Over the past decade, five tropical storms had wind speeds so high they should have been classified as “Category 6,” according to an analysis that suggests the hurricane scale may need to be updated, as rising temperatures fuel stronger storms.
If carbon emissions continue at current rates, we could even see “Category 7” storms. “It’s certainly theoretically possible if we continue to warm the planet,” says one climate scientist. James Kossin at the First Street Foundation, a nonprofit research organization based in New York.
Officially, there is no such thing as a Category 6 or Category 7 hurricane. According to the Saffir-Simpson hurricane scale used by the National Hurricane Center (NHC) in the United States, any storm with sustained winds of a speed of 252 kilometers per hour and above belongs to category 5.
But as wind speeds in the strongest storms accelerate, using this scale becomes increasingly problematic, Kossin and his colleague say. Michael Wehner at the Lawrence Berkeley National Laboratory in California, because it does not account for the growing risks posed by ever stronger storms.
“It’s bad and it’s getting worse,” Kossin says. “These storms are getting stronger and stronger as the climate changes. »
They say there are three lines of evidence that global warming is increasing wind speeds during the strongest storms. First, under the basic theory that hurricanes are a form of heat engine, hotter worlds should generate stronger storms.
Second, high-resolution climate models produce storms with faster winds as global temperatures increase.
And finally, real-world storms are getting stronger and stronger. Of the 197 tropical cyclones classified as Category 5 between 1980 and 2021, half occurred in the 17 years before 2021 and the five with the highest speeds occurred in the last nine years of that period.
If the Saffir-Simpson Hurricane Scale were expanded so that storms with wind speeds exceeding 309 km/h were classified as Category 6, all five of these storms would fall into that category. The five are: Typhoon Haiyan in 2013, Hurricane Patricia in 2015, Typhoon Meranti in 2016, Typhoon Goni in 2020 and Typhoon Surigae in 2021.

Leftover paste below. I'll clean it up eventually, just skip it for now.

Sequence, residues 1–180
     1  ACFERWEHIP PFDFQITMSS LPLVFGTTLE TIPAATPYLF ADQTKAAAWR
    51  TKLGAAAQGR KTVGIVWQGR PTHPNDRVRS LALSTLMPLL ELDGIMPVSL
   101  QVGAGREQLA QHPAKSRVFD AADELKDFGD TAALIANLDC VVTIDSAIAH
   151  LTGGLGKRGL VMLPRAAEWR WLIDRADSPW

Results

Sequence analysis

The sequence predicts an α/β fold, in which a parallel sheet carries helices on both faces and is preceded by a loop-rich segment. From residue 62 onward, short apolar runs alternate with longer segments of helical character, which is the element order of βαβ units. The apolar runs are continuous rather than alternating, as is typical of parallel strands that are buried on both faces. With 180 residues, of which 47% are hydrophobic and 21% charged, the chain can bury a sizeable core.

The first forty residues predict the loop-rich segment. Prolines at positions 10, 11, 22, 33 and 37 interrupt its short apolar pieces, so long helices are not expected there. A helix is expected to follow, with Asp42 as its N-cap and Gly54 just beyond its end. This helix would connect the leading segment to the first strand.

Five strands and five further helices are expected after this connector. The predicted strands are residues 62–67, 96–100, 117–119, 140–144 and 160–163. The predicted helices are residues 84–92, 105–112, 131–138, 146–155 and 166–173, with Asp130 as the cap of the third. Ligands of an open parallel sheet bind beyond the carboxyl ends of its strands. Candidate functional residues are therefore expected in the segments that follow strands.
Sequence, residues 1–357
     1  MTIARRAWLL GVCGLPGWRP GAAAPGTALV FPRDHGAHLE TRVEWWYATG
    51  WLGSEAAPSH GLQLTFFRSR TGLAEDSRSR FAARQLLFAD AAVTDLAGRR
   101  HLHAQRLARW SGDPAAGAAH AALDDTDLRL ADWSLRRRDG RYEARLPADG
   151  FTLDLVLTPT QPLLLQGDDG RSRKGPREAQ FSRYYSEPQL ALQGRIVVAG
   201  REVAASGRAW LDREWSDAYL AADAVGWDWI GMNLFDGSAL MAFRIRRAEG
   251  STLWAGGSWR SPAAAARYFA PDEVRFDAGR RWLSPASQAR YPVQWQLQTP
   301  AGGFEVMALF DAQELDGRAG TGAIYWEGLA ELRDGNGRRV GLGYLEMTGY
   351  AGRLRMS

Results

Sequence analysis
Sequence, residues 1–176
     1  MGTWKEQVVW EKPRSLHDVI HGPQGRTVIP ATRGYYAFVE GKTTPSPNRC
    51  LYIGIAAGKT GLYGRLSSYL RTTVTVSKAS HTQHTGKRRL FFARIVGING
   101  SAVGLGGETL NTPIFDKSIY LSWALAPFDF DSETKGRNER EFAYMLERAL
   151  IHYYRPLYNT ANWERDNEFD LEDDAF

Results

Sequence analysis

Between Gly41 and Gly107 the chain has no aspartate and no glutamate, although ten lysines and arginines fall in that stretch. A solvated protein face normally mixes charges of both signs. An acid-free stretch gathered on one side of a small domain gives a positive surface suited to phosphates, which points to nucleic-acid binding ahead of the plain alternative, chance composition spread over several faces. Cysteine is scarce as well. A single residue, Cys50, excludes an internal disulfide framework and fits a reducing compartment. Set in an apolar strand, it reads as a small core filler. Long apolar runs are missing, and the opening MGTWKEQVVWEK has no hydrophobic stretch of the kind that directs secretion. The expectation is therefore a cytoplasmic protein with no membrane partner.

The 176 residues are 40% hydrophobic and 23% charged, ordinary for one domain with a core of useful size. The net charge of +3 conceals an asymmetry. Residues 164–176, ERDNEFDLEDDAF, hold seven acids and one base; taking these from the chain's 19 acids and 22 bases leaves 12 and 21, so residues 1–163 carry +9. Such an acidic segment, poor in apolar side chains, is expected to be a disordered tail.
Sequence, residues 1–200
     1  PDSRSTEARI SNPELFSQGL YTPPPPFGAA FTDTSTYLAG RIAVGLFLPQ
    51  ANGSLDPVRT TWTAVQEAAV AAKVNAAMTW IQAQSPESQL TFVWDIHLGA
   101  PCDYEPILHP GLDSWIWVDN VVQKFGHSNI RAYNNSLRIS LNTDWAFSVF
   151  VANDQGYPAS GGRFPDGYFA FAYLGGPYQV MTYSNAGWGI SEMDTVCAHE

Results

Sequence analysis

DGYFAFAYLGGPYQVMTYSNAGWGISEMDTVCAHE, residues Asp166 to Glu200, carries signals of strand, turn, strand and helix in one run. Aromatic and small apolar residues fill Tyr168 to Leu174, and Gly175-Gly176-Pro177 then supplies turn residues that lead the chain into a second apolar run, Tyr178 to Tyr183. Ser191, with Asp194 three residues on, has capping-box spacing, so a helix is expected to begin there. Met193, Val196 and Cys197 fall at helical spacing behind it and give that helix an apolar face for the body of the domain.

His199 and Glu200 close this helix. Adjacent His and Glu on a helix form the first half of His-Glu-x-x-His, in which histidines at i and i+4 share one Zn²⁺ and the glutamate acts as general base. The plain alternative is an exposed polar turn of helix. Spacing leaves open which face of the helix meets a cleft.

However, Kossin and Wehner do not propose that the NHC formally adopt their definition of Category 6. Using a scale based on wind speed is fundamentally flawed given that flooding and storm surge can be a more great threat to lives and buildings, explains Kossin. .
Instead, they believe the NHC needs to introduce an entirely new system that better reflects the overall risk posed by storms. For example, Hurricane Ike in 2008 was a massive storm that caused significant flooding and damage, but it was only a Category 1 or 2 when it made landfall in the United States, Kossin says.
Kerry Emanuel at the Massachusetts Institute of Technology agrees on the need for a new scale. “While I think it is important to recognize the increasing intensity of hurricanes, it is also worth emphasizing that most of the damage, injuries and loss of life caused by hurricanes come from water and not from water. wind,” he said.
“I support replacing the venerable but outdated Saffir-Simpson scale with a new scale that reflects the overall risks associated with a particular storm,” Emanuel says.
Another hurricane expert, Jeff Masters, now semi-retired, doesn't think the NHC could or should change the Saffir-Simpson scale. “However, talking about hypothetical Category 6 storms is a valuable communications strategy for policymakers and the public, because it is important to understand how even more damaging these new superstorms can be,” he says.
Wind damage increases exponentially with wind speed, Masters says, meaning a “Category 6” storm with 190 mph winds can cause four times as much damage as a category 5 with winds of 257 km/h.
- climate change/
- extreme weather conditions